ECW Weekender: Paying respects to Confederate POWs in Indianapolis

On a recent flying visit to Indianapolis, I had the opportunity to visit Crown Hill Cemetery. Established in 1863, at the height of the Civil War, this Victorian burial ground was modeled after the garden cemeteries of the 19th century – most famously Mount Auburn in Cambridge, Massachusetts.

Among the many interesting features of Crown Hill is the Confederate mound near the center of the cemetery. Here lie the remains of over 1600 Confederate prisoners of war who were inmates at Camp Morton in Indianapolis. In addition to a modest monument marking the place, there are also ten bronze plaques with the names of the known prisoners who occupy the mass grave.

One of ten bronze markers at the Confederate Mound with the names of over 1600 POWS housed at Camp Morton. (photo by Derek Maxfield)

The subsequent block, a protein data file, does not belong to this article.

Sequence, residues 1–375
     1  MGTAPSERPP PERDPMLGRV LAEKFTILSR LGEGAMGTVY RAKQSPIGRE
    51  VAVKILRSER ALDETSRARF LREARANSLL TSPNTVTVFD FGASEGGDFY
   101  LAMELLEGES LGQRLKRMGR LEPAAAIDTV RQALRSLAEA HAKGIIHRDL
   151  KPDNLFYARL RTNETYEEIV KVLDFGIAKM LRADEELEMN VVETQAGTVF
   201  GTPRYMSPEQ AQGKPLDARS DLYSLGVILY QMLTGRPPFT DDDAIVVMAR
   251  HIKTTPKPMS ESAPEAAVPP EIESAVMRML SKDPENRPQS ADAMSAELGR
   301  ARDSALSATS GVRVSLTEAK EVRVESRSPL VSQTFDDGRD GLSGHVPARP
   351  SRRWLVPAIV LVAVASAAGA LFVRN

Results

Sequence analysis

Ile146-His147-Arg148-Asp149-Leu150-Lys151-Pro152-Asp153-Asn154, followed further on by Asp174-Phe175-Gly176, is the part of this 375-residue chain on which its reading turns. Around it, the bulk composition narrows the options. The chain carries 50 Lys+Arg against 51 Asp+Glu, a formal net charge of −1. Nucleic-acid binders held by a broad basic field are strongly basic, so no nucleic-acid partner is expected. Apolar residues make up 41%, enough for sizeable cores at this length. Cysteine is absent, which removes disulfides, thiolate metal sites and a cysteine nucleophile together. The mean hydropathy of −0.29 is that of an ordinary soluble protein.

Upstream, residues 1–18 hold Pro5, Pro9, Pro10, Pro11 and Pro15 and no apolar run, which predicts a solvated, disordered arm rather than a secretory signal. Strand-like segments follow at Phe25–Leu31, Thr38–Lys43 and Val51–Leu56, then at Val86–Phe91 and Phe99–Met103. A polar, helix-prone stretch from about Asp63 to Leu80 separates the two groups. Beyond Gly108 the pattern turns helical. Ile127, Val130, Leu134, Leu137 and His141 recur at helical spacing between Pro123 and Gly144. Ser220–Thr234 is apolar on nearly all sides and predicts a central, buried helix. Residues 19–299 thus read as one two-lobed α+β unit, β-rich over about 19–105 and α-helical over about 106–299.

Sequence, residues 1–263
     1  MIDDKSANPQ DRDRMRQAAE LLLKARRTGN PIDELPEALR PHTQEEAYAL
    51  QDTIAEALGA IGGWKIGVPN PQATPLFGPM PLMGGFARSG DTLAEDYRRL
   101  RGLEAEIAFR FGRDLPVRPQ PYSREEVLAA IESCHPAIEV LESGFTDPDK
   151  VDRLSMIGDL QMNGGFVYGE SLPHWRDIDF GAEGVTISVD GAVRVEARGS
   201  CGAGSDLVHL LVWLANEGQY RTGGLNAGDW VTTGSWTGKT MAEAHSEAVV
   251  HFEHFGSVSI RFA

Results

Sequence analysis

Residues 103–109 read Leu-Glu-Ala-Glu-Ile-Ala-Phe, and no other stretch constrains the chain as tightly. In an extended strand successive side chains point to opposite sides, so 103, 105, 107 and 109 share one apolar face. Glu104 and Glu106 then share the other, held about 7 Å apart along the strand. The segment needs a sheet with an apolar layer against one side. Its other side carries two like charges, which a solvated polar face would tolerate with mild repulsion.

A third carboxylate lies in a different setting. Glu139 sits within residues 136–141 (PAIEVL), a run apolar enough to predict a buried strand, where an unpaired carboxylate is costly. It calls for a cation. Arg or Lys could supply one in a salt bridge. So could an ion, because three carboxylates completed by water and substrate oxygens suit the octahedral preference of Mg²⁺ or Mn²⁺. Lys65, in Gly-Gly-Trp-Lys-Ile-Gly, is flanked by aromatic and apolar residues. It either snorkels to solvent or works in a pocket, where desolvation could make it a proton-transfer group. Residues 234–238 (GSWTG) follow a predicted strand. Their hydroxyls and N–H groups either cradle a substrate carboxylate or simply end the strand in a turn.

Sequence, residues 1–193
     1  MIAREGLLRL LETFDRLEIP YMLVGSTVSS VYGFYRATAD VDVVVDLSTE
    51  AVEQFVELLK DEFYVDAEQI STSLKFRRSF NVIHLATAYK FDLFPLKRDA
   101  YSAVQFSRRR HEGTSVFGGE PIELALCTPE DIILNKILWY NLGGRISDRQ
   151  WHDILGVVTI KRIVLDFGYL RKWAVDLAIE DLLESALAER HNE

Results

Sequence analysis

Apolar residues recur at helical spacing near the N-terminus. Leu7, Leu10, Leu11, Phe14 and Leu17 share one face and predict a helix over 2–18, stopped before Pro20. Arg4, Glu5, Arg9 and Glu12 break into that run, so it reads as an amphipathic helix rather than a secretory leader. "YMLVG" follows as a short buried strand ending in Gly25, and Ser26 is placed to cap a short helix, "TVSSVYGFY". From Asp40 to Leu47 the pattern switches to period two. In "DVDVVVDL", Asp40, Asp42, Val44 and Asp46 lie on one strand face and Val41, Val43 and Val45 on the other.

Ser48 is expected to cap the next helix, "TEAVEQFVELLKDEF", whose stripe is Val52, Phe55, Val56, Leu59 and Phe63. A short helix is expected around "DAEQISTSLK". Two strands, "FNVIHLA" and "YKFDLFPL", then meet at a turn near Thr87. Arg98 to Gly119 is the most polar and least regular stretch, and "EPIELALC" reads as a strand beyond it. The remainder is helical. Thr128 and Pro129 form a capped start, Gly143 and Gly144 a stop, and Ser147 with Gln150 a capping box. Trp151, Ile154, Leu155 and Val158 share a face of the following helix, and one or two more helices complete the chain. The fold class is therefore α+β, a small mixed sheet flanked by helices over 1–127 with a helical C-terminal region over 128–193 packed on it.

Originally a fairground, Camp Morton was converted to a prisoner of war facility of necessity following the surrenders of Forts Henry and Donelson in Tennessee, and though the population of the facility would wax and wane as prisoner exchange would take place, the camp functioned as a POW camp for the remainder of the war.

Confederate dead were originally interred in Greenlawn Cemetery in Indianapolis but were disinterred and moved to Crown Hill in 1931.

Monument marking the Confederate Mound at Crown Hill Cemetery. (photo by Derek Maxfield)

1 Response to ECW Weekender: Paying respects to Confederate POWs in Indianapolis

  1. Crown Hill Cemetery is very much worth a visit. So many interesting people rest here: President Benjamin Harrison, John Dillinger, Col. Eli Lilly, Vice President Charles Fairbanks, Tony Hinkle (Butler University) and James Whitcomb Riley easily come to mind.

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